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I have hourly temperature data over a 5 year period with a lot of missing values. They have 2 seasonal periods: daily (24) and annual (365*24). I am very interested in the diurnal cycles of the temperature. Is it possible to forecast (or "backcast") the missing values, which are mostly 2000 values straight? Here is one of my datasets: http://www.file-upload.net/download-10551392/BaiMu.txt.html

Because I wanted to do a decomposition of my data and since decompose or stl doesn't handle missing values, I extracted a period of my timeseries without missing values: Station <- 2

TMP <- which(!is.na(BaiMu[,2]))
Station <- BaiMu[min(TMP):max(TMP),c(1,Station)]
Station <- Station[23509:length(Station[,2]),]

Then I tried a simple forecast:

Station.ts <- ts(Station[,2], start=c(1,1+as.numeric(format(Station[1,1], "%H"))), 
frequency=24) 
require(forecast) 
plot(forecast(Station.ts, h=240))

plot of the forecast

The forecast obviously didn't work. What did I do wrong?

Next I tried an auto.arima forecast:

Station.arima <- auto.arima(Station.ts)
plot(forecast.Arima(Station.arima, h=240))

That took a very long time and then also didn't work. Is there any way to forecast hourly time series up to 2000 values in R? How can I estimate the missing temperature values with R using the values before the gap and after it?

I also have temperature data from loggers nearby. Maybe I could estimate the 2 seasons and the trend of both time series (missing-value-logger (A) and non-missing-value-logger nearby (B)), then find out the random component of the B in the time period of the missing values of A and then add the seasonal components and trend of A to the random component of B. I tried decompose(), first with the daily season, and then removed the seasonal components:

Station.dec <- decompose(Station.ts)$figure
Station.seas <- rep(Station.dec, 1+length(Station.ts)/24)[1:length(Station.ts)]
plot(decompose(ts(Station.ts-Station.seas, start=c(1,1+as.numeric(format(Station[1,1], "%H"))), frequency=365*24)))

plot of decomposition But the decomposition with decompose didn't show good results, because there was no random component (for A) but only season and trend. I think that's not possible because there always has to be a random component. Is that right? How I could use a sine and cosine equation to represent the seasons?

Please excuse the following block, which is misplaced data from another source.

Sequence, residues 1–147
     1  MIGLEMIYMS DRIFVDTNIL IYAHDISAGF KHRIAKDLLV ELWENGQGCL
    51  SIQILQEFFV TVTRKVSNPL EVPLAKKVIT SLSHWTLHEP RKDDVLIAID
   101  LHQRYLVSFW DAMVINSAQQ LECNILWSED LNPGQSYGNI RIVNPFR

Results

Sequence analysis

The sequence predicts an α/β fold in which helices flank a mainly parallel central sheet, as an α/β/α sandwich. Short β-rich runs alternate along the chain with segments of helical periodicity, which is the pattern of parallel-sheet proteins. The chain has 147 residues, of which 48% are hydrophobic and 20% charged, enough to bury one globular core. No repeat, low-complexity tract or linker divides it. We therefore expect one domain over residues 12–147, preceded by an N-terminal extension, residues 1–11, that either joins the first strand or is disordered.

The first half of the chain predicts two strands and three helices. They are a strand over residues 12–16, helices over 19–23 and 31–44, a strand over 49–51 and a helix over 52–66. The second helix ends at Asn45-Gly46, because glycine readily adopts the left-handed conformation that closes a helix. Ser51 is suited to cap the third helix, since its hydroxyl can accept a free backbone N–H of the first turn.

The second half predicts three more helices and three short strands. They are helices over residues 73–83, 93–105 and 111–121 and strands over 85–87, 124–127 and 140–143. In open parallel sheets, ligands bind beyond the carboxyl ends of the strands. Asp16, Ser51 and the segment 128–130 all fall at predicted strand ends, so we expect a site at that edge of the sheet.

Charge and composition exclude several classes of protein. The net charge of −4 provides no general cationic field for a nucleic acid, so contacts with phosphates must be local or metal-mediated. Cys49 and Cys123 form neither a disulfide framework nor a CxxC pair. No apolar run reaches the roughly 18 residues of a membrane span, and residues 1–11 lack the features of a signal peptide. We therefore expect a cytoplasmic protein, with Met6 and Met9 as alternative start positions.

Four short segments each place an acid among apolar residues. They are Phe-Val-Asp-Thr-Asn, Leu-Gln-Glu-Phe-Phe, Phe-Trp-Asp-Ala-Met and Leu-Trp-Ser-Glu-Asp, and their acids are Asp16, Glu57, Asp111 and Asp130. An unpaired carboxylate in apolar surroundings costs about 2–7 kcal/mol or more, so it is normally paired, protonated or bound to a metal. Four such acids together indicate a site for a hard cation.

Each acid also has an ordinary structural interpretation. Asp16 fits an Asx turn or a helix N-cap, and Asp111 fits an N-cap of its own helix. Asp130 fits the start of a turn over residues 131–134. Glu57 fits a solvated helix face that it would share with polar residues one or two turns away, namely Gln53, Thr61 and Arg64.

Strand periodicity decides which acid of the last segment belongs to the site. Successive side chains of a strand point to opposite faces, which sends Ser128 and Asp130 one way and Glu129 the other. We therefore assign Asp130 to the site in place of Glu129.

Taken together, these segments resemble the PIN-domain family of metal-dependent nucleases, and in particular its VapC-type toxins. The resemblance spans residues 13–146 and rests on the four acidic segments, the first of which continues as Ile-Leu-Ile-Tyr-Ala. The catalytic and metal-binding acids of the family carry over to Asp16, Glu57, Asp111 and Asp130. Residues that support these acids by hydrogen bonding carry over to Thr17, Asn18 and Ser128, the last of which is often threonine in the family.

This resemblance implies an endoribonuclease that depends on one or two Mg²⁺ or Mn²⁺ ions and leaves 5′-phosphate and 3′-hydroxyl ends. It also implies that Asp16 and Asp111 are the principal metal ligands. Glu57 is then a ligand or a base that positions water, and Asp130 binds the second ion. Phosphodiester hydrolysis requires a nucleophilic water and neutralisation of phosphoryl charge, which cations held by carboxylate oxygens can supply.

To summarize my questions: 1) Is it possible to forecast and/or backcast hourly time up to 2000 values? How could I do this?

2) How can I calculate and remove the seasonal components for an hourly time series with 2 seasons (daily and annual)? Is there any R function to do this?

I would be very thankful for any help, because I am relatively new to time series statistics.

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  • $\begingroup$ If you accept some simplifications (mainly that the seasonal cycles remain constant over the sample), you could define Fourier terms as proposed for example here and include them in an ARIMA model. If you manage to fit the ARIMA model, you could fill the missing observations following the idea described in my answer to this question. Differences of order 24 may be necessary, i.e., the model may be of the type ARIMA(p,24,q). Even though this is a simplified approach, it may be hard in practice. $\endgroup$ – javlacalle Apr 19 '15 at 23:47
  • $\begingroup$ Thank you for the advice. How do I actually identify the seasons? I think, I have a season with the period 24 which ist nested into a season with the period 24*365. Maybe there are more seasons, which I didn't discover yet. How do I find out, how many seasons are there and what period they could have? Also the "short" seasonality (period 24) is not constant over the year. The diurnal cycle of temperature varies from summer to winter. How can I decompose the time series and get the 2 seasons (period1=24, period2=24*365)? $\endgroup$ – yPennylane May 6 '15 at 18:57
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    $\begingroup$ 1) You can look at the spectrum of the data to see which cycles are more relevant to explain the variability of the data. This post may also help you. 2) You can try the function tbats in the forecast R package, which can deal with changing patterns in cycles and allows as input a time series with multiple seasonal periods (multiple periodicities that you may have detected using the ideas mentioned before). $\endgroup$ – javlacalle May 7 '15 at 8:50

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